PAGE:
We were invited to take a final walk through the old building. The lights were off. The mildew stench made it hard to breathe. Much of the furniture is gone. Yet it felt so homey. The stained glass, the comfortable couches, the bunk beds, and the old-fashioned kitchen reverberated with a century of prayers and laughter, study and meals shared while Jesus looked down from the crucifix. Saying goodbye was bittersweet, but buildings don’t last forever, and the new place will soon fill up with new memories.
Meanwhile, it’s the people who really make up a parish, and they will go on together into the next 125 years. This is my Oregon family, and I’m grateful for every one. God bless Sacred Heart.

The Spirit Fills the Church Bazaar

It started months ago with people gathering their unwanted possessions–their books and CDs, coffee mugs, unused popcorn poppers, china figurines, and Christmas decorations–and bringing them to the church. The donations piled up in the office, the basement, and the garage. As the time drew nearer, Father Brian started his post-Mass standup routine about the important of buying raffle tickets. You don’t have to be here, he said. We’ll mail it to you—I hope you don’t win a sofa. And if you don’t want any of the other prizes, we have money! For weeks, after Mass, people walked around with strips of gray raffle tickets and signed their names on big posters for donations and volunteer tasks.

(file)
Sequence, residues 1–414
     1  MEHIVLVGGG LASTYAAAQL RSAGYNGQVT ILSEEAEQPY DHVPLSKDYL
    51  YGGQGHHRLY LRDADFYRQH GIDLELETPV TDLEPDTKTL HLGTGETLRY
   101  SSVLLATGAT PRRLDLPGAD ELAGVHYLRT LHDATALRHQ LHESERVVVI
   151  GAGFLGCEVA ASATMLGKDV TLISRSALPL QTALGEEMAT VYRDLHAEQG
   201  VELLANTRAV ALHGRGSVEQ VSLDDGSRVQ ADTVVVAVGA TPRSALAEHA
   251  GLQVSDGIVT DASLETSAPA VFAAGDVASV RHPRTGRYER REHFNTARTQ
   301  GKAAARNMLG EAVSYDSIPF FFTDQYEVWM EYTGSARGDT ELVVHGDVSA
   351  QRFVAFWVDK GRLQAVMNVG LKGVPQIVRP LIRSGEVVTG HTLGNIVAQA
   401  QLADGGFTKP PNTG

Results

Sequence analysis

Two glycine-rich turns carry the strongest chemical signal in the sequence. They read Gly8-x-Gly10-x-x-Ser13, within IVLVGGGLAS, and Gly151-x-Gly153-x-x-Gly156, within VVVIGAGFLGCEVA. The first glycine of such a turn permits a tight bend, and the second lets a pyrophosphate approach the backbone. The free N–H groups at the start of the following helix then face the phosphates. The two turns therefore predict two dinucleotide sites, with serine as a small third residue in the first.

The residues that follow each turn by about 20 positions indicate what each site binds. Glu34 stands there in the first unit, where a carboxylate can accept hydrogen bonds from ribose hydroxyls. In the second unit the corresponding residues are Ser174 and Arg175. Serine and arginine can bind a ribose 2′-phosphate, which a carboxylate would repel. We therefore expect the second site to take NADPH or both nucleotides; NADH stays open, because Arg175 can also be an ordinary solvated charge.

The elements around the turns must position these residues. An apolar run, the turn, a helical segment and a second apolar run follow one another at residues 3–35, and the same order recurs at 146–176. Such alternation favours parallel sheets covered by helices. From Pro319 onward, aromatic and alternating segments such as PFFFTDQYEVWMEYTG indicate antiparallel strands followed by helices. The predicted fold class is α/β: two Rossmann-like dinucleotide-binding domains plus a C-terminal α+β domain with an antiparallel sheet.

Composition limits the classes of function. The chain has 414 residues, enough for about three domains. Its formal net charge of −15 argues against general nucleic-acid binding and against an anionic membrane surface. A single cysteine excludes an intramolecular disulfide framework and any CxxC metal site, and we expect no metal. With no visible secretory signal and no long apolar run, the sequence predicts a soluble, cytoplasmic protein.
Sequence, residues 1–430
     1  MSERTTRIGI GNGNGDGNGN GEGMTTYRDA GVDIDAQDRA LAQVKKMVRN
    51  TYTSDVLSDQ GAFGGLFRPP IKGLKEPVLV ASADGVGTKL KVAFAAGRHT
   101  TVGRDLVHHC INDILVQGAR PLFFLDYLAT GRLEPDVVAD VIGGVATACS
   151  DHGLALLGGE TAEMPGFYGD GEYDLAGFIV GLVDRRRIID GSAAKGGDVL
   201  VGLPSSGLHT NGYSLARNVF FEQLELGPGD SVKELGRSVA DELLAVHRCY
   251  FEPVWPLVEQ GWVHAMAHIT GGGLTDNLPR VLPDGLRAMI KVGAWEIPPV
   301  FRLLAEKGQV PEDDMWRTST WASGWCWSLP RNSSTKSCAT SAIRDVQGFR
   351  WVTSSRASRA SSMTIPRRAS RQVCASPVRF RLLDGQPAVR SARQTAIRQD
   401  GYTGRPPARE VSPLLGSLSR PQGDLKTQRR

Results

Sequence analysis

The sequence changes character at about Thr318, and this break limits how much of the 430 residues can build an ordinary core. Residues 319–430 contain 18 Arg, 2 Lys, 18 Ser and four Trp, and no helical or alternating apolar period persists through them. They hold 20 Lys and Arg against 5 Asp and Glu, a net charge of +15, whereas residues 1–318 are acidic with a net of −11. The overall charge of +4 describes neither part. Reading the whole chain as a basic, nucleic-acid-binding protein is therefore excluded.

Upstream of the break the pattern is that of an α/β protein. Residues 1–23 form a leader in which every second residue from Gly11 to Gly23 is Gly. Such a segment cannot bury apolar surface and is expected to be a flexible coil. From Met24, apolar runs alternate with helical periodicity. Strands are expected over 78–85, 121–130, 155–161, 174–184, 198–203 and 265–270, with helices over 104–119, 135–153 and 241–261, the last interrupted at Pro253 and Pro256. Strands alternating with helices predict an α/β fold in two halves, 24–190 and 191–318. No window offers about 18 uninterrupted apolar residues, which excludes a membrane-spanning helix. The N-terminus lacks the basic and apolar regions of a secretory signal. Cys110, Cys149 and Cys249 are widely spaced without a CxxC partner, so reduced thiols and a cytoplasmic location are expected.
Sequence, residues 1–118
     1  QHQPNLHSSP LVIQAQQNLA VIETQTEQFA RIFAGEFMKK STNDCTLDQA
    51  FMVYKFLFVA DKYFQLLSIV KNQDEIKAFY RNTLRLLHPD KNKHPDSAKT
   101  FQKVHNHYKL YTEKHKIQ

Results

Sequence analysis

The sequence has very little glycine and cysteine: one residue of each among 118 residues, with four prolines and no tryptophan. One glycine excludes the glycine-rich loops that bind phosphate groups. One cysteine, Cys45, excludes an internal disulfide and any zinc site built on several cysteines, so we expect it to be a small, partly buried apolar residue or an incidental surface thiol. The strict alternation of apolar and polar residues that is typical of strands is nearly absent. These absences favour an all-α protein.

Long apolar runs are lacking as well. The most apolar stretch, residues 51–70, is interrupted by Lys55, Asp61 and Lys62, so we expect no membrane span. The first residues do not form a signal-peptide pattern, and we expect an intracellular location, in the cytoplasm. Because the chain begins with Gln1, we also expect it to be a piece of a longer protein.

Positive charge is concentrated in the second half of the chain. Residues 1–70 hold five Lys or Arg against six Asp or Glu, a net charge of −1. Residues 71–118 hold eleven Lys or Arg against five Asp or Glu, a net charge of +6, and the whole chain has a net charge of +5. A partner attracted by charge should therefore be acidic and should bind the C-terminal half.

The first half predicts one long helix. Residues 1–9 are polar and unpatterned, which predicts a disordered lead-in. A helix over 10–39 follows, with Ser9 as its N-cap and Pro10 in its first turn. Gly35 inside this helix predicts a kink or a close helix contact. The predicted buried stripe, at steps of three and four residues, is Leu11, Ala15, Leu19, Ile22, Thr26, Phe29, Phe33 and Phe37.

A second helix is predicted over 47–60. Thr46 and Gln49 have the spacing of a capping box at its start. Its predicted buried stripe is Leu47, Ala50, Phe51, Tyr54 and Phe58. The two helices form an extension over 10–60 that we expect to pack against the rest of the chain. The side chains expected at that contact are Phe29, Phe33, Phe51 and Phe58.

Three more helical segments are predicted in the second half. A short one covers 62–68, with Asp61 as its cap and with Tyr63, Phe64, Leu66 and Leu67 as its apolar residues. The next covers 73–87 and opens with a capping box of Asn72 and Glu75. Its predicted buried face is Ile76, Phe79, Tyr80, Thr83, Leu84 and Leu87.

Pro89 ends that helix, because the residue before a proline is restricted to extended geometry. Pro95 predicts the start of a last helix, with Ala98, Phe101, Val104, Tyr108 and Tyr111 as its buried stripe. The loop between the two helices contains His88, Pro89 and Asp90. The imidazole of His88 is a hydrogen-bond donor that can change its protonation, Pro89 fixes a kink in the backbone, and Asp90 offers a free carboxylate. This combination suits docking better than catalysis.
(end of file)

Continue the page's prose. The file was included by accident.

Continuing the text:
Then the baking began. Zucchini bread, pumpkin bread, banana bread, scones, muffins, and thousands of cookies, not just chocolate chip but peanut butter, sugar cookies with green sprinkles, snickerdoodles, and Rice Krispy treats.
Halloween and All Saints Day came and went, pen scratches on the calendar compared to what was coming Saturday: the Sacred Heart bazaar.
On Thursday, workers took down the holy pictures and posters in the hall and the adjoining classrooms. They rearranged the tables, covering them with red and green cloths. They carried load after load of books, CDs, coffee mugs, popcorn poppers, china figurines and Christmas decorations from their hiding places into the hall. They set up signs for the Book Nook, the Country Store, Odds and Ends, the Cookie Walk. They set up tables near the kitchen where people could eat Chinese lunch or homemade pie.
On Friday, parishioners with dough and colored sprinkles embedded in their fingernails came in a steady stream delivering their home-baked contributions on holiday plates, in plastic bags, in aluminum foil.
On Saturday, parishioners, garage salers, and bazaar lovers were waiting at the doors at 9 a.m. With borrowed grocery store baskets in their hands and twenty-dollar bills in their wallets, they shopped and shopped, and, like the loaves and fishes, there was still more to buy. They bought raffle tickets and signed their names to spend hundreds of dollars on silent auction items, including paintings, quilts, and a dinner with Father Brian. They filled boxes with all kinds of cookies, filled them so tight they could barely close the lids.
When the bazaar ended at 3 p.m., there was still more left to buy. So on Sunday, the workers opened the doors again, and parishioners swarmed out of the 8:30 and 10:30 Masses to snatch those half-price bargains, not minding that the usual donuts had been replaced by leftover pie.
Then, sated, clutching their treasures to their chests, they went out into the rain while the exhausted volunteers counted the money and returned the hall to its usual holy appearance, knowing that Sacred Heart would thrive for another year.